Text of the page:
The record rally continues, with lumber and plywood pricing climbing to new heights. Despite the soaring prices, demand continues to outpace supply and shortages in just about every building material category have created an abundance of delays for contractors. With the exception of a few brief pauses, prices have been slowly escalating into record territory for more than six months now, begging the question of when it will end. The answer is when demand tapers off, but no one sees an end coming any time soon. With prices that defy logic, one has to think that we’d already be at a breaking point, but the public demand for houses and home improvement continues to takes precedence over expense. In most cases, it’s become more important to get the material than how much it’s selling for. On the supply side, all in that channel are under an extreme strain of meeting the current demand and are systematically posting price increases that they state are in direct relation to their ever-increasing costs for labor, raw goods and transportation. Factor in a few freak events such as ice storms in Texas (that crippled chemical plants that produce products such as resin for panels or insulation) or a blocked Suez Canal (which stranded hundreds of ships with thousands of containers full of goods for over a week) and a bad situation becomes even worse. Not that the world has come to a halt (as products are still being produced across the board), but lead times have grown exponentially as producers scramble to fulfill orders. The abrupt changes to normal lead times has interrupted the plans of many of us who have become accustomed to getting what we want when we want it, and any lack of planning prior to this point may be met with a negative result. For May, we anticipate that pricing will remain propped up and likely climb as building demand continues to forge ahead. While it is this active, we have to consider the market very volatile, due to high demand and shortages. We urge you to consult your Shepley sales person if you have any questions or concerns about your current or upcoming jobs, as it is truly a critical time for planning.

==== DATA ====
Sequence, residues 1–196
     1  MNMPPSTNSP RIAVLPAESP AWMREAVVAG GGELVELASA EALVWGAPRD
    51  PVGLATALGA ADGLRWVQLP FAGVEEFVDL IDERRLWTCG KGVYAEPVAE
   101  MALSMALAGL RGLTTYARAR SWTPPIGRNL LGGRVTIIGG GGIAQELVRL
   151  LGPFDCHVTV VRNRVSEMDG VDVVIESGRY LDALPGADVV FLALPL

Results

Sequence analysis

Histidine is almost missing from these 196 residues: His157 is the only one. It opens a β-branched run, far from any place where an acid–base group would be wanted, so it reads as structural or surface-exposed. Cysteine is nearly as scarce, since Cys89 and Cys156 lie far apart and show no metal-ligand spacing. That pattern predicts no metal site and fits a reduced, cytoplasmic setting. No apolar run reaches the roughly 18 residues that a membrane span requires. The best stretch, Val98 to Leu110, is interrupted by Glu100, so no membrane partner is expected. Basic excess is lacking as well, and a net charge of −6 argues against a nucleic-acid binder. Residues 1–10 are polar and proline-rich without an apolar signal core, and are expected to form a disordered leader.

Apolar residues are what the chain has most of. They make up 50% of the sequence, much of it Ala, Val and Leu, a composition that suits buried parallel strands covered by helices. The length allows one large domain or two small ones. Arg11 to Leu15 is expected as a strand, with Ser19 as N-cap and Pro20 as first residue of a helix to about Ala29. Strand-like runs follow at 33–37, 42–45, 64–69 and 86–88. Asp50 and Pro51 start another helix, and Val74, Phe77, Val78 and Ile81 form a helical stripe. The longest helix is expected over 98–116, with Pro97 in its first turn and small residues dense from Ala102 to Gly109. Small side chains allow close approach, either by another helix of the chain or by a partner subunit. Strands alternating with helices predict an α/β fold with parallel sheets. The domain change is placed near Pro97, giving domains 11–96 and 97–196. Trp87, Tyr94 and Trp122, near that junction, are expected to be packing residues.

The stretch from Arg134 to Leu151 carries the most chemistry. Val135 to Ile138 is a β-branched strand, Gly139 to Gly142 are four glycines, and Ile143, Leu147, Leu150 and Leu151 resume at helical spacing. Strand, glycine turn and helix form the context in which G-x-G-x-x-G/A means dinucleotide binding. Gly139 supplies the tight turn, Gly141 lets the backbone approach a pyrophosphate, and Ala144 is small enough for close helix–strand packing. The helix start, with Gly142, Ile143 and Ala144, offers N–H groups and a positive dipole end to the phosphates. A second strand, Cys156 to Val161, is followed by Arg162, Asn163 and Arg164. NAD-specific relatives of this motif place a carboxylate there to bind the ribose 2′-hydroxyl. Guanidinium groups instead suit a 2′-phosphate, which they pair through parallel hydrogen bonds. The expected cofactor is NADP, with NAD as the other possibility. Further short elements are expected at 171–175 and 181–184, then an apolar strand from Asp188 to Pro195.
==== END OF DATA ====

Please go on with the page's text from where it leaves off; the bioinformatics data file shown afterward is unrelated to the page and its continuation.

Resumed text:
As inconvenient and frustrating as it has been to have to deal with backorders and outages, the steady stream of price increases has brought many of us to rage about market conditions. Unfortunately, they have been coming much more frequently and at higher percentages, and it’s been commonplace to get long letters from heads of companies who are trying to explain and justify why they are going up. There is no doubt about it: we are in unprecedented times for the demand of building materials and it looks like, even if there is a retraction in the near future, it won’t bring us back to pre-Covid levels. The letters all touch upon the same content. The industry, as a whole, cannot currently meet demand, is sorely lacking in qualified labor, raw goods are scarce and/or hard to obtain, there is a major transportation deficit, and consequences of unforeseen disasters are driving costs (and lead times) up. The extreme demand is the pressure point for our pricing situation, and so much of it is caused by a lack of planning. This situation didn’t happen overnight, but it did catch many off guard as the initial stream of orders turned out to be a tsunami, and predicated upon old expectations of lead times. It’s also fluid, apt to change at any time but, until the buying stops, the prices will be what they are (but met with extreme resistance from us nonetheless) and adjustments will need to be made to account for the longer lead times. Although there may be limitations as to what can be done under these circumstances, there is one thing that can help alleviate the pain and that is to plan ahead and communicate your needs to your suppliers as soon as possible. Timing is critical, particularly with regard to upcoming price increases and growing lead times, so taking action to get your needs secured well in advance of when you need them is a surefire strategy for keeping your job going.
Although we, too, are at the mercy of market conditions, we do all that we can to stop or reduce price increases, maintain a 30 day quote window and ensure that you have the quality products at competitive prices that you need, when you need them. Communication is more important than ever, so please let us know how we can help you with your project. Thank you for your business!